Dear Mrs. Bird

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I am an absolute sucker for books about the Blitz. Something about the combination of London, historical fiction, the drama of WWII–I will read just about anything the features the word “Blitz” in the blurb. And I’m clearly not the only person who feels this way, since these books continue to get published. The new Dear Mrs. Bird by A.J. Pearce fits nicely into my favorite sub-category of this genre–women in the Blitz–while adding some layers I haven’t often seen.

Emmie is a young woman living in London in the early days of WWII. She works part-time as a fire dispatcher, but dreams of being a reporter and is thrilled to get a job at a magazine, sure she is on her way to be an intrepid war correspondent. However, it turns out that she is mostly doing typing at an old-fashioned ladies’ magazine whose editor won’t answer any sort of reader questions that deal with any “Unpleasantness.” Of course, there’s a war on and life is complicated, so Emmie ends up reading lots of letters from readers with serious problems, and can’t bear to think that they won’t get any response. She she starts responding and well, hijinks ensue.

Now, the basic plot here requires that Emmie spends a lot of time worried about being caught and worrying about what will happen when she does, and that is one of my least favorite things to read–I find that completely agonizing and by the end of the book was almost skimming scenes in her office for fear of what was going to happen. What saved the book for me were Emmie’s experiences outside work, where she and her best friend attempt to live their 20-something lives in the middle of a war. More than most Blitz books I’ve read, Dear Mrs. Bird gets across the feeling that yes, terrible things were happening, but that for those people living in the middle of the bombing, it became normalized. Emmie and her friends have to view the nightly bombings and tragedies as just another irritation to deal with, like bad traffic, in order to live their lives. And when you’re twenty-two, something like getting dumped is likely to feel like a much bigger deal than the war. And yet, at the same time, the book takes on the issue of how the internal and external pressure to keep the famous British “stiff upper lip” was hard on people, and how sometimes even the most patriotic Londoner needed to acknowledge the toll the constant bombing took on them.

There’s also just a bit of romance, although I couldn’t help but feel that Emmie might have landed in the wrong place there–I’m holding out hope that there might be a sequel featuring my favorite character, Emmie’s long-suffering boss at the magazine. He’s in his forties and spends most of the book rolling his eyes at Emmie’s adventures and the rest of the world, and I found him completely charming. And I’m sure that has nothing to do with the fact that this is the role I would most likely be playing in this story.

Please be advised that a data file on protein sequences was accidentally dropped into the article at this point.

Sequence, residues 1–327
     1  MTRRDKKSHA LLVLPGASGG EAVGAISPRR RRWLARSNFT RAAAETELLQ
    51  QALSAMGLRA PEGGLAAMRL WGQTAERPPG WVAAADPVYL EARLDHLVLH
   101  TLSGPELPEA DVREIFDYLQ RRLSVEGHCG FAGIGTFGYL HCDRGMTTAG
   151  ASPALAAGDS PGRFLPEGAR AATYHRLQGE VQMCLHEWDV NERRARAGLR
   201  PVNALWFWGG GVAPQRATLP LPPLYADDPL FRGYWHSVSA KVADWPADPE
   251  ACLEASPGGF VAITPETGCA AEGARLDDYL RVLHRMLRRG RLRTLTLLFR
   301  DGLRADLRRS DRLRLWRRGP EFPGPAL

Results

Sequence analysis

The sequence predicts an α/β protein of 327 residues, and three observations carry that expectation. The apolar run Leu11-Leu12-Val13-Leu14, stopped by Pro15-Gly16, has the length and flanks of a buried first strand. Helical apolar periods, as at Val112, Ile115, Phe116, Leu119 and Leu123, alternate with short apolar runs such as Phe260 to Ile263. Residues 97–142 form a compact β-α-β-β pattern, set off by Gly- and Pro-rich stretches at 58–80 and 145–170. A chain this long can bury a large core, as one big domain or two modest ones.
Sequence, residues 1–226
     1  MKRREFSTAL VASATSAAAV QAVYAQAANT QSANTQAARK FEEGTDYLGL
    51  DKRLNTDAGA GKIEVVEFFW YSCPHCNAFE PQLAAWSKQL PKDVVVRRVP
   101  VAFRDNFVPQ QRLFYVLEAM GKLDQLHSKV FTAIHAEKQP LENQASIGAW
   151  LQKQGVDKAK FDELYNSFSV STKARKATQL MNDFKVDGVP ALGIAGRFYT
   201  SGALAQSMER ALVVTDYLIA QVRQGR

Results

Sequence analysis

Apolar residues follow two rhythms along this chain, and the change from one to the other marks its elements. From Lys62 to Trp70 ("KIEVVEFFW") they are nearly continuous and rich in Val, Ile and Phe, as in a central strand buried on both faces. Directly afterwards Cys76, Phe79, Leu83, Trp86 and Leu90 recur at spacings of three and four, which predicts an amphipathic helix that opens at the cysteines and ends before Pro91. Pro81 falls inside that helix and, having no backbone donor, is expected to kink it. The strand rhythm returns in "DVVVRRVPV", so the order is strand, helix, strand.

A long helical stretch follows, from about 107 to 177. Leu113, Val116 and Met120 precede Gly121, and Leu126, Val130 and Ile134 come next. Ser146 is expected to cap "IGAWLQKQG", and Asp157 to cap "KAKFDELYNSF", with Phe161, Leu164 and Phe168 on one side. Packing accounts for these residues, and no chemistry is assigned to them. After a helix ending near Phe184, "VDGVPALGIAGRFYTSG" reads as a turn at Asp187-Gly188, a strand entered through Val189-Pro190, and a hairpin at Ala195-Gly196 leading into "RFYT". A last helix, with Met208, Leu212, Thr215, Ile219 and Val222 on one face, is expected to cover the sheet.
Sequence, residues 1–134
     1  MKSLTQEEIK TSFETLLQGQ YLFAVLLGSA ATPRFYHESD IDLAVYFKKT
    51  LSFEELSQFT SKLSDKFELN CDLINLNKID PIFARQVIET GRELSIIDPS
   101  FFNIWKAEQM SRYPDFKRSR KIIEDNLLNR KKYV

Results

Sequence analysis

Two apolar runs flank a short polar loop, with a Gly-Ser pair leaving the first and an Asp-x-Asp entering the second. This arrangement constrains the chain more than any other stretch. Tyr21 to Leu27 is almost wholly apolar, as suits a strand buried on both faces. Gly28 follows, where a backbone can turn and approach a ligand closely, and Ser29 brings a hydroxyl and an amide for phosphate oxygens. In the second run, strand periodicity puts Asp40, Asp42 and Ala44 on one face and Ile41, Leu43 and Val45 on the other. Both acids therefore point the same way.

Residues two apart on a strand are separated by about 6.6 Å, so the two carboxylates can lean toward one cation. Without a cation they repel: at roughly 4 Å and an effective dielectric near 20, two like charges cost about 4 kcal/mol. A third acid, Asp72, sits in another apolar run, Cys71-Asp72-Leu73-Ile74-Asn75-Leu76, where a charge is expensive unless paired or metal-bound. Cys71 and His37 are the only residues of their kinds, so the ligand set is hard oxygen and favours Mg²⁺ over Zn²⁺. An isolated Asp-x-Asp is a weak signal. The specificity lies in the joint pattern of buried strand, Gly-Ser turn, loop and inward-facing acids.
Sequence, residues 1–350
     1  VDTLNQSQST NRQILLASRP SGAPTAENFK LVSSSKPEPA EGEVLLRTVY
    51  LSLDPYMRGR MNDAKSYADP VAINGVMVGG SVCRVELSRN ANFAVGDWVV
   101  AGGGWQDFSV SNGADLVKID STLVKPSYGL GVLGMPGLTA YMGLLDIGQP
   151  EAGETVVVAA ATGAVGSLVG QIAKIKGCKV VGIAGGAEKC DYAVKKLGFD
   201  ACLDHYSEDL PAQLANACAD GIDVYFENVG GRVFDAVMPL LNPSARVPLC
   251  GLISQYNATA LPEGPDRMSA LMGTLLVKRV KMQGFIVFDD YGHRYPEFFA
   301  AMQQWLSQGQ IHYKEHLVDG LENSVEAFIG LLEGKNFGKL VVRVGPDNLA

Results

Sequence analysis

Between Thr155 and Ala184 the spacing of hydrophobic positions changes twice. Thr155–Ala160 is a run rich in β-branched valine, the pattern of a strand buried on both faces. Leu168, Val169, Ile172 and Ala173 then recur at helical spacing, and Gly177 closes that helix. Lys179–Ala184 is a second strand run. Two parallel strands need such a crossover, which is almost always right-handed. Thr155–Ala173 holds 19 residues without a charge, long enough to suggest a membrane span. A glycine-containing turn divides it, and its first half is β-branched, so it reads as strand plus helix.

Kinsey’s Three-ish Word Review:  The Guernsey Literary and Potato Peel Pie Society meets Bridget Jones.

You might also like:  Well, obviously, The Guernsey Literary and Potato Peel Pie Society and the Bridget Jones books. But also a book I rave about a lot called The Lost Art of Keeping Secrets or another adorable one called Miss Buncle’s Book. And if you’re looking for a little period escapism with a lot of charming young British ladies falling in love, Mary Stewart basically perfected post-war romantic suspense and I read through all her work as a teenager–my favorites of hers were always Touch Not the Cat and Nine Coaches Waiting.

And if, like me, you’d just like to read some more books about the Blitz, Connie Willis’s Blackout and All Clear are epics that also involve time travel. I also love Life After Life by Kate Atkinson, The Night Watch by Sarah Waters, and The Distant Hours by Kate Morton. And in other media, check out “The Stolen Child” and “The Doctor Dances” episodes of Doctor Who and the movie Hope and Glory.

Truly Devious

9780062338051Waaaay back in 2012, I wrote a review about the first book in a new YA fantasy/mystery trilogy by Maureen Johnson. I really liked The Name of the Star but at the time the rest of series wasn’t out yet. Books two and three are now available, and I recommend tracking those down for a good supernatural mystery. Johnson’s latest book is also a mystery, but it takes a slightly different, non-fantasy angle on things.  Truly Devious follows two different story threads–in the present day teenager Stevie, a true crime aficionado, is starting the year at an exclusive and unusual boarding school that was the site of a notorious crime in the early 1900s. She wants to solve the historical crime, but gets swept up into a present-day mystery. But while we watch Stevie try to figure out what is going on in her world, we are also following actors in the original mystery and slowly uncovering what actually happened when the wife and daughter of a wealthy industrialist were kidnapped.